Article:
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I got a div, and there i got some childnodes in undefined levels.

Now I have to change the ID of every element into one div. How to realize?

I thought, because they have upgoing IDs, so if the parent is id='path_test_maindiv' then the next downer would be 'path_test_maindiv_child', and therefore I thought, I'd solve that by wildcards, for example:

document.getElementById('path_test_*')

Is this possible? Or are there any other ways?

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Why do you have to change the IDs? Maybe your initial approach is wrong and you should use classes? Just a thought... if you post your HTML and describe why you want to it, we might be able to help more. –  Felix Kling Nov 25 '10 at 8:55

5 Answers 5

up vote 11 down vote accepted

Not in native JavaScript. You have various options:

1) Put a class and use getElementsByClassName but it doesn't work in every browser.

2) Make your own function. Something like:

function getElementsStartsWithId( id ) {
  var children = document.body.getElementsByTagName('*');
  var elements = [], child;
  for (var i = 0, length = children.length; i < length; i++) {
    child = children[i];
    if (child.id.substr(0, id.length) == id)
      elements.push(child);
  }
  return elements;
}

3) Use a library or a CSS selector. Like jQuery ;)

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Looks nice, because IE is anyway banned on my page, because he doesn't get it with CSS. It's an admin tool for developer, so only a few people, and they will anyway use FF ;) –  Florian Müller Nov 25 '10 at 8:59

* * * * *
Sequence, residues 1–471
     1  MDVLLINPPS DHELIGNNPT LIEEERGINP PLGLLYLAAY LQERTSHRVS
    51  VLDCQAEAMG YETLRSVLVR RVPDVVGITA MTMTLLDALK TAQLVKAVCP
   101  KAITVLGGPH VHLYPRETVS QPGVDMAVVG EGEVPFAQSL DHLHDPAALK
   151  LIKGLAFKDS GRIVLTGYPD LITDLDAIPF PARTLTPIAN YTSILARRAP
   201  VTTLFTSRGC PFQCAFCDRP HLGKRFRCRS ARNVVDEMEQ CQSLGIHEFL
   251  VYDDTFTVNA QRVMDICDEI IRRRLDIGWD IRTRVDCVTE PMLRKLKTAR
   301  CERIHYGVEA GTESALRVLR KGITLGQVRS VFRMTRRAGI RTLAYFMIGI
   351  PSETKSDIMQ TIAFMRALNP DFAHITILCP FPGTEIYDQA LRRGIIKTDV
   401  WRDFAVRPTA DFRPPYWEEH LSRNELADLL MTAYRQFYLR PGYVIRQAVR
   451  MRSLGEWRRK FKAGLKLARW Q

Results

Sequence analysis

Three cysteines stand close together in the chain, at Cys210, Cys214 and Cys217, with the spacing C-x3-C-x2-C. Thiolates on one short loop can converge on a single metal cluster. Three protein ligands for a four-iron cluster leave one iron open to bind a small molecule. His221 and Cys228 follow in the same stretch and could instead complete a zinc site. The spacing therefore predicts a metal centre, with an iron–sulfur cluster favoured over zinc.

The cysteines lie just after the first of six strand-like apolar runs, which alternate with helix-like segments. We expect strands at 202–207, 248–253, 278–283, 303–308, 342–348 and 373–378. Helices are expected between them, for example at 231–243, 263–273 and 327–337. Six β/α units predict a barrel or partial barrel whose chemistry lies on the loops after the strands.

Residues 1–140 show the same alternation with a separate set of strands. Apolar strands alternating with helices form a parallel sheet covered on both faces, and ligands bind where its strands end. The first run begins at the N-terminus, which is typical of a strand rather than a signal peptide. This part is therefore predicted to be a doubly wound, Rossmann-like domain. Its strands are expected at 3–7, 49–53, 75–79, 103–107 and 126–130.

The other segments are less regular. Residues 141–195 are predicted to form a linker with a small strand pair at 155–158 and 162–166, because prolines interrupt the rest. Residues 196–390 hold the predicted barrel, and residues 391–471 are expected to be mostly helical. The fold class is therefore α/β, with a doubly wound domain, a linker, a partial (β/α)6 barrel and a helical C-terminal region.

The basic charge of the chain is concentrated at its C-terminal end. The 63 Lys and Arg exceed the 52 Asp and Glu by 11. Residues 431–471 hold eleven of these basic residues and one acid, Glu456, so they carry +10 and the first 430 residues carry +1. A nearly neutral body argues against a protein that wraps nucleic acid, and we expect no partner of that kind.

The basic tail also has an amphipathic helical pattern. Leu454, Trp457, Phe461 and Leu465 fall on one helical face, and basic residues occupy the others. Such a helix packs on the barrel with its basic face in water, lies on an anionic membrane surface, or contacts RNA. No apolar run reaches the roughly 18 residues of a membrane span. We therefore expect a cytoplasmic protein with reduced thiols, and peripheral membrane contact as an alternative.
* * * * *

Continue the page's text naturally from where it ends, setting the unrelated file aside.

2  
@Florian - you better change document.body.getElementsByTagName('*') to be document.getElementById('path_test_maindiv').getElementsByTagName('*') instead to improve efficiency. No need to get all elements when you only need those in specific DIV element. :) –  Shadow Wizard Nov 25 '10 at 11:27
    
Yes! That was a generic example. Not tested BTW. –  joksnet Nov 25 '10 at 16:48
    
It's worth noting that this answer, whilst effective, is quite outdated as of 2014. See Felix King's answer below: stackoverflow.com/a/4275292/1542891 for a well-supported answer that doesn't require spinning your own selector function. –  yochannah Oct 13 at 9:35

jQuery allows you to find elements where a particular attribute starts with a specific value

In jQuery you would us

$('[id^=path_test_]')
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2  
Actually, I'm not using jQuery, but I think about, mabye I'll start with soon... thx ;) –  Florian Müller Nov 25 '10 at 8:55

In one of the comments you say:

(...) IE is anyway banned on my page, because he doesn't get it with CSS. It's an admin tool for developer, so only a few people, and they will anyway use FF

I think you should follow a different approach from the beginning, but for what it's worth, in the newer browsers (ok, FF3.5), you can use document.querySelectorAll() with which you can get similar results like jQuery:

var elements = document.querySelectorAll('[id^=foo]');
// selects elements which IDs start with foo

Update: querySelectorAll() is only not supported in IE < 8 and FF 3.0.